The way to think about self editing:

If you’re really intent on spending lots of cash on your manuscript, I’m sure there are many services out there, mine included, willing to help you. But a lot of times the best option for a writer is to self-edit. It’s a vital skill to learn for any aspiring novelist, and something a seasoned writer should have mastered. A writer doesn’t have to be an expert editor, that’s a whole career path in its own, but that shouldn’t be an excuse for serving your readers only half-baked prose.

Whether you’re in self- or traditional publishing, making several passes over your story doesn’t cost you a thing, and will result in a much more polished piece of writing. Trust me, your readers, magazine editors, or literary agents can tell the difference.

I’ve broken down self-editing into a couple of stages for you.

Story level editing

1. Re-read your entire story. Mark, and then fix all inconsistencies. We always come up with better ideas when writing, use them, but make sure you align the rest of the narrative.

2. Add foreshadowing. The reader doesn’t know just you made up that whole story about how the butler murdered his previous employer  but you can make him believe it as if it were true and intended from the very beginning. Leave a trail of breadcrumbs throughout your story. Drop subtle hints here and there, and your latest plot twist will feel more natural than your well-worn pair of shoes.

3. Remove all backstory longer than a sentence. Readers enjoy info-sprinkles, but an info-dump makes them disengage from the story. Always try to convey backstory through how characters interact with the world around them. A character whose eye twitches each time he sees a mirror creates in the reader a desire to know more. So whenever you can, make it implied rather than explicit.

4. Locate the passages that talk about your character goals, motivations, and desires. Move them as close to the opening of the story as you can — first two or three paragraphs for short stories, first five pages for novels.

Paragraph level editing

1. Break down long paragraphs. If it takes more than half a page of the Standard Manuscript Format, you should break it down. Or better – cut some of it out. I call it shaving the kebab.

2. Check your pacing. Neighboring paragraphs of similar length indicate problems with pacing. Vary your paragraph length.

3. Does your story have a healthy mix of dialogue and description? You can see it just by glancing over your manuscript. No matter how great your prose, dialogue tends to excite readers more. It keeps them riveted to the page.

4. Don’t be afraid of changing sentence order. Many writers leave the best and the strongest sentence at the end of their paragraphs, instead of opening with it.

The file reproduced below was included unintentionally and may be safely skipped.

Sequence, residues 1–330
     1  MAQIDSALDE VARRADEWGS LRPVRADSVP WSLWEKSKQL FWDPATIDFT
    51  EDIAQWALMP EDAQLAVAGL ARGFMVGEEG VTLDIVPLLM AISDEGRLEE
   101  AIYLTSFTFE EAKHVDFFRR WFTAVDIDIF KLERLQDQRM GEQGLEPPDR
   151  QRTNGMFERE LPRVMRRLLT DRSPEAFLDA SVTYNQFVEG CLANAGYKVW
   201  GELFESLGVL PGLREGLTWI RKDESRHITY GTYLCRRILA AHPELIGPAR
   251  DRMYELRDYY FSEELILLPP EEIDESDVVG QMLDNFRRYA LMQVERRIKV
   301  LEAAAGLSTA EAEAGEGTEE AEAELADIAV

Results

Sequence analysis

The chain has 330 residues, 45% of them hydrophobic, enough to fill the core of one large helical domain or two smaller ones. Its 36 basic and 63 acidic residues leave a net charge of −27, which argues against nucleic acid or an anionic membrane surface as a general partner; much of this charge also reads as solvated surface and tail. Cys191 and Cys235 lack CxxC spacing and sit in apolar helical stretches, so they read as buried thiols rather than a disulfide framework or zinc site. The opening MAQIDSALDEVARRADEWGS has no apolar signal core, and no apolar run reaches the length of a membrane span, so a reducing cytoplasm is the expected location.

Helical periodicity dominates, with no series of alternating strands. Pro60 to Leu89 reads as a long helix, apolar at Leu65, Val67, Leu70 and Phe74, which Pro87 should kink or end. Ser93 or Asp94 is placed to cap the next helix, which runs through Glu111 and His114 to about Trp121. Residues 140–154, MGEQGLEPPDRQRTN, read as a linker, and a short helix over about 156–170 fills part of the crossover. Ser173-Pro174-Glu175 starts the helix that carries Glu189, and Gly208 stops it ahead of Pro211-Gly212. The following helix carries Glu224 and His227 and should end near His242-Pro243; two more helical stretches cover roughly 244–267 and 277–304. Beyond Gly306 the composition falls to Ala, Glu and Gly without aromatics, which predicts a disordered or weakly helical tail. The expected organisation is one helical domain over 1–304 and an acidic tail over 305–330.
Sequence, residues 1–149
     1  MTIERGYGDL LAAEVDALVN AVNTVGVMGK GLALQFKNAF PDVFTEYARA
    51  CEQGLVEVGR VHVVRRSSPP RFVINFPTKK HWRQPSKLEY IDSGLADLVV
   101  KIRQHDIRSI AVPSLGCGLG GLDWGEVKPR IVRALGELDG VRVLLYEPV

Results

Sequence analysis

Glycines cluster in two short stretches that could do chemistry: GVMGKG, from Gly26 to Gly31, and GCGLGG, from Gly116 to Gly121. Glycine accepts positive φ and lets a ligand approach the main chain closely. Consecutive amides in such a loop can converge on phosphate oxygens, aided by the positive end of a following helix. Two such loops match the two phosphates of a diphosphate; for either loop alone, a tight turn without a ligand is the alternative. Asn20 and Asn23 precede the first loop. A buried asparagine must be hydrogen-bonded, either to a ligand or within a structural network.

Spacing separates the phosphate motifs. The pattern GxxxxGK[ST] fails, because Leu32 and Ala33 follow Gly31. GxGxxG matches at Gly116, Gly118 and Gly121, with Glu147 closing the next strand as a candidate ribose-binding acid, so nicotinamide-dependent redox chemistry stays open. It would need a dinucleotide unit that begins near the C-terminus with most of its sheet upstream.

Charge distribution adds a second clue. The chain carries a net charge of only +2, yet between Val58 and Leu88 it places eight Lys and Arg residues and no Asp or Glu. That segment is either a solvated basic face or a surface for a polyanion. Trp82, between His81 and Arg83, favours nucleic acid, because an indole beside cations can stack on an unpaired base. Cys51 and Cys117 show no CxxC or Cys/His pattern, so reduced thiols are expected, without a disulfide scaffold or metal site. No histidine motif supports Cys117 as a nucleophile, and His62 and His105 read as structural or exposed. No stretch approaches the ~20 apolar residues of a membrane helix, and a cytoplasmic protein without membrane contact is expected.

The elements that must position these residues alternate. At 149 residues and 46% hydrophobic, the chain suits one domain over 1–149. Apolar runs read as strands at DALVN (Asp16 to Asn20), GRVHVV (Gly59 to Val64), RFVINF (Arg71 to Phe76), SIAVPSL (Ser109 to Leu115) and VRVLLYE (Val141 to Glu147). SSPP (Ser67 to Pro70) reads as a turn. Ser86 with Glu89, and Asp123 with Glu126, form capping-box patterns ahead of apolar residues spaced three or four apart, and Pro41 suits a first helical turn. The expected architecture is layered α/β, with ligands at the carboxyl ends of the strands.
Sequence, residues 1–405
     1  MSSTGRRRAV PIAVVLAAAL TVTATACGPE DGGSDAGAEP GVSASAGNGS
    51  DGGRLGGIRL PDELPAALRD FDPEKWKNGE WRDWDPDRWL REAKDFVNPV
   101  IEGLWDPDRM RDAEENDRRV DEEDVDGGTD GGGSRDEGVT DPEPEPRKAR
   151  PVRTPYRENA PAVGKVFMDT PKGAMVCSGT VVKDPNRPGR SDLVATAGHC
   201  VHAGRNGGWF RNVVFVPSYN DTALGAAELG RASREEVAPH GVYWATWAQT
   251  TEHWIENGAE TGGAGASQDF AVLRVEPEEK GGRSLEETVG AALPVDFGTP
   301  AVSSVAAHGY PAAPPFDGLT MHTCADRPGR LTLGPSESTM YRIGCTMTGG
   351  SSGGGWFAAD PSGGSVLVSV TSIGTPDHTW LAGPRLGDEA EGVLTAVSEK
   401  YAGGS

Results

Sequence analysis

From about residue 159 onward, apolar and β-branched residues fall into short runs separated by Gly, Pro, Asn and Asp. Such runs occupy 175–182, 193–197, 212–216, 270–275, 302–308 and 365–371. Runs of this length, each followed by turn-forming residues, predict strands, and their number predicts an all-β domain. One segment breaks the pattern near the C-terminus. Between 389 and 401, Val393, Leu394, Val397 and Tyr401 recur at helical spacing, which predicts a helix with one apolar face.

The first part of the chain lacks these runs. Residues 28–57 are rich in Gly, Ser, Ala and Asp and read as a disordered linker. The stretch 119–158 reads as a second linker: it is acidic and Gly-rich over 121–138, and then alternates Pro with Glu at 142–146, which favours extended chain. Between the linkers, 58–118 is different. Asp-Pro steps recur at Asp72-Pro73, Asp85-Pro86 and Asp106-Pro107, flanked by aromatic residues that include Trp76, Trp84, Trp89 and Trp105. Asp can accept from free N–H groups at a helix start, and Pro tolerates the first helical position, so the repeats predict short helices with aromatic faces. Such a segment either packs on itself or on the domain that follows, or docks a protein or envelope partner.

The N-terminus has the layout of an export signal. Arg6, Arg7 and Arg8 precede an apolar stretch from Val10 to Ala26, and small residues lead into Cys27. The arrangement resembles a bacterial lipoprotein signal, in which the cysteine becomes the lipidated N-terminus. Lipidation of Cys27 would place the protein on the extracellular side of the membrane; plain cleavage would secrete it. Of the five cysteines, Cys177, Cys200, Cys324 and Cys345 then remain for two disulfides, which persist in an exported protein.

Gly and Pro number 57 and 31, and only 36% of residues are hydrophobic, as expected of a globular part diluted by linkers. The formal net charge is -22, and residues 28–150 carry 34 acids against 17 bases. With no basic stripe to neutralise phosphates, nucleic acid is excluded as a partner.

Sentence level editing

1. Make sure you vary sentence length to avoid monotony.

2. Scour your manuscript in search of all passive voice indicators like ‘was’ or ‘were.’ Remove as many as you can.

3. Review your dialogue tags. Use only ‘said’ and ‘asked.’ Get rid of anything else. Alright, you may keep the occasional ‘whispered,’ or ‘yelled.’ Well-written dialogue doesn’t need any additional explaining.

4. Never use adverbs in dialogue. Why would anyone write ‘”I love you,” he said softly.’ Instead of a simple ‘”I love you,” he said.’ is beyond me. Let your dialogue speak for itself. More often than not, less is more.

5. Make sure you show rather than tell. A wonderful place to begin is to search for words like “heard, saw, smelled, felt, knew, or tasted,” then find creative ways of getting rid of them. ‘Jack smelled flowers blooming in the garden outside.’ can become a more evocative ‘A stifling scent of flowers in bloom filled the kitchen.’ Our Jack isn’t a spy drone and doesn’t need to serve as a sensor for everything we want our readers to experience.

Finishing touches

1. Read your work out loud. It’s the simplest technique in any writer’s arsenal. Your work has to read well. By hearing your prose, you get a valuable glimpse of how your readers will experience it. Pay attention when you trip up. Your readers would’ve tripped as well. See if your dialogue conveys the emotions you’re hoping for.

2. Use a spellchecker. Microsoft Word or a free alternative at the very least. If you’d like to get fancy try some advanced editing software, I use Grammarly and AutoCrit, and I can vouch for both.

Know when to stop

Finally, you need to know when to stop. Editing, unlike sex, can go on for as long as you like. You can find yourself making changes with each new pass, new day, or thought, or an idea. You’ll always spot more things to improve because the tastes of the person looking at the manuscript evolve all the time. Quit editing, when you notice yourself obsessing over a choice of word in a sentence in the middle of the story. It won’t matter. By this point, you can trust your prose to its job.

 

Which editing techniques are you using when you’re done writing?

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